Don’t focus on getting published. Focus on being an excellent writer.

Sharpen your toolbox! Work on your skills every day by reading books about writing, biographies and tips from successful writers and reading the publications you want to work for. You should also enjoy reading books on any topic you like. Reading is the best thing you can do for yourself to become a better writer.

In all honesty, getting accepted to be published is really just an adrenaline high, an ego boost. It’s the calm before the storm of producing the actual article, essay or manuscript.

Set your sights high and have your goals, but there are writers in the world who write just to prove to others who hurt them in their childhood and adult life that they can make something of themselves. Have a conversation with yourself and make sure you’re jumping into this field for the right reasons. You’ve got to be passionate, full of courage, confident in your talent, easy to work with and willing to learn if you want a successful writing career.

A way to know you will officially be published is that your editor will give you “guidelines”.

Guidelines come after your idea has been accepted. You will receive specific instructions for your assignment which can include a “word count” (the exact number of words the piece of writing must be), a deadline date and what they plan to pay (or not pay) you.

You must follow guidelines as closely as you can when writing your first draft. After you hand in your draft, your editor will send you notes on what to revise, change or clarify in your writing. Once you make the changes your editor requested, you’ll hand that piece in as your second draft. Once your editor is happy, they’ll let you know when you’re piece will be published.

Before you celebrate an article, book or essay getting through the editing process, nothing is guaranteed until your contracts are signed.

Once you get an article, essay, interview or book accepted by a publication or publisher, don’t celebrate and call all your friends and family until you and your employer’s name are both signed on the dotted line and your financial paperwork (w9 , and at times, direct deposit paperwork) have been filled out (by you), handed in and processed.

Beware of “on spec” offers.

There are times, particularly in your early writing career, when you’re asked to write an article or op-ed (an opinion article) “on spec.” Dictionary.com defines, “on spec” as: “made, built, or done with hopes of but no assurance of payment or a sale; without commitment by a client or buyer.”

This means you’re asked to write a full article without any guarantees of being published or paid. I don’t recommend doing this because you can spend weeks on a piece only to have it rejected. The time you spend working on an on spec article will take away the time you could be spending sending ideas to 10 other editors who will pay you.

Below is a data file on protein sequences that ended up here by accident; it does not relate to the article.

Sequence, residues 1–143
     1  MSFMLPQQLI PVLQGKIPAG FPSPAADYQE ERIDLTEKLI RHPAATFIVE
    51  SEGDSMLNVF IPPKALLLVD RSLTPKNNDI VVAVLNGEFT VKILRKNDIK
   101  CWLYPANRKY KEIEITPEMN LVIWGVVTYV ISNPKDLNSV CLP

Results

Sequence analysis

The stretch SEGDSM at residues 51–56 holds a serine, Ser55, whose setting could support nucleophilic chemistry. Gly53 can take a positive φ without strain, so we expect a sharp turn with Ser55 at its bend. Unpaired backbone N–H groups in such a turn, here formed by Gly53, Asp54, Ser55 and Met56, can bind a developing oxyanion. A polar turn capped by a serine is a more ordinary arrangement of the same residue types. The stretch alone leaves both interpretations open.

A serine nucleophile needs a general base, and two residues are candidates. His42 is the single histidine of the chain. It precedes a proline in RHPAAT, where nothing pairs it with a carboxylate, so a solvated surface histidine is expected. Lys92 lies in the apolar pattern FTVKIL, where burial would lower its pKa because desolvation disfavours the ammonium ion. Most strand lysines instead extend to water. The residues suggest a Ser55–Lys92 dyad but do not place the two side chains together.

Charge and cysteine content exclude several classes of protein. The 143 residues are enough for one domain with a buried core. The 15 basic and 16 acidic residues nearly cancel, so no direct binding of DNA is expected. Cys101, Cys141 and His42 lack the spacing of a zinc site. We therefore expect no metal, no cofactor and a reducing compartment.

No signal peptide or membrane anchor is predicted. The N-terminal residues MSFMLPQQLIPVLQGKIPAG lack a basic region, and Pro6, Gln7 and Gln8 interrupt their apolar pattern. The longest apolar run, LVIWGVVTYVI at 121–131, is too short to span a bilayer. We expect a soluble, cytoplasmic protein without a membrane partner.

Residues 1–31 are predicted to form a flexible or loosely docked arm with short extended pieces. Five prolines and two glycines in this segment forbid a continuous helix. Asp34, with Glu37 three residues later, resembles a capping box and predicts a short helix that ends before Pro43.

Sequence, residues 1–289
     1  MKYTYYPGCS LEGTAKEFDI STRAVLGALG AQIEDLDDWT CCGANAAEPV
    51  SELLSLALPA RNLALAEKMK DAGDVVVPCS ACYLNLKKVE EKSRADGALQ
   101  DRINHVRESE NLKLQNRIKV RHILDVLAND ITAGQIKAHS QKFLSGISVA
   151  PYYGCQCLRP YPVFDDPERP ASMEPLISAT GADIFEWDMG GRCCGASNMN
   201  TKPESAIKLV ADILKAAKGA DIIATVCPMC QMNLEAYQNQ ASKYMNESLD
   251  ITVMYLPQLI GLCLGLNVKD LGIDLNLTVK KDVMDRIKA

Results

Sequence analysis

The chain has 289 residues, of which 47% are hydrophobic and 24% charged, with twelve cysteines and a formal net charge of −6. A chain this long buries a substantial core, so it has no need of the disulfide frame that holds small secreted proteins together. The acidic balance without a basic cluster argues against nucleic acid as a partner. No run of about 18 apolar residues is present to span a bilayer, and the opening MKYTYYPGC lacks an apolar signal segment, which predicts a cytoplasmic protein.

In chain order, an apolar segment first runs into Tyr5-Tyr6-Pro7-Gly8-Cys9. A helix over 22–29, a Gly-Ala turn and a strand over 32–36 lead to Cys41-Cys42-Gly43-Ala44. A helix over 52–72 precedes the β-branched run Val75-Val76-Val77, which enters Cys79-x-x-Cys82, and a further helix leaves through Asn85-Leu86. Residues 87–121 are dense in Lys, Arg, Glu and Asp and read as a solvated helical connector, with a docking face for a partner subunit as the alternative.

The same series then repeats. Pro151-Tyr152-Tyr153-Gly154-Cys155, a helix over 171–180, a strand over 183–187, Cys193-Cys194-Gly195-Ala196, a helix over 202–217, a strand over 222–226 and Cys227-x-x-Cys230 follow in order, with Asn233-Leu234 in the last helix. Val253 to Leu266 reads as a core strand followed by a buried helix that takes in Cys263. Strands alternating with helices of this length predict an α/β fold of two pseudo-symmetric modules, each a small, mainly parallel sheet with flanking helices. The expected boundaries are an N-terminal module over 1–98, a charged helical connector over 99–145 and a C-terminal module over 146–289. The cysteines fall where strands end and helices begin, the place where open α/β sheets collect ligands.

Most publications don’t negotiate publishing articles on spec. If you’re going to write for free (which I’m not opposed to for new and aspiring writers), you might as well write your own blog or agree to write for a publication with the guarantee of getting published

You’re first article or book is always a “trial run,” whether your employer expresses it or not.

Plain and simple. Just because you were published once as a freelance journalist and signed contracts,  your editor is not obligated to accept any other article ideas from you. This is the tough part about freelance journalism and writing. Same for publishers. Unless your contract is a multi-book deal, there’s no obligation on the part of your publisher to take on another book idea of yours. It’s a harsh reality, but it happens.

*In another Master Class post, we’ll go into how to become a regular contributing freelance writer.

Finally, ignore the negative connotation behind the word “rejection”.

In writing, rejection is an opportunity to get good feedback and insight on how to improve and get published in the future.

Early in your career it can take up to 2-5 years before editors begin to respond. It takes time to understand how to get your talent noticed.

Don’t be discouraged! It took a couple of years and many tries to get into some of the publications I’ve written for. That’s why I tell you to have fun and work on your craft. You shouldn’t be stressing early in your career. You should be playing with words, ideas, learning and bonding with other writers. If you keep at it, the professional writing community will begin to recognize your hard work. Patience and enjoyment is key.

I hope this helps. Until next time!

Sincerely,

je

 

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2 thoughts on “P / P Master Class Lesson Two: Commitment to Surviving Rejection

  1. Thank you for this! I just lost my professional (paid hourly) temp-to-hire editing job on Friday. I was planning on spending today wallowing in sadness and Oreos. It stings a little, the loss, but I’m committed to keep trying to get my foot in the door. I mean, we write and edit because we’re passionate about it and we love it, right? Why else would we do it? 🙂

    You’ve encouraged me tonight and it was much needed. Thank you! Great blog, also, by the way. Keep writing!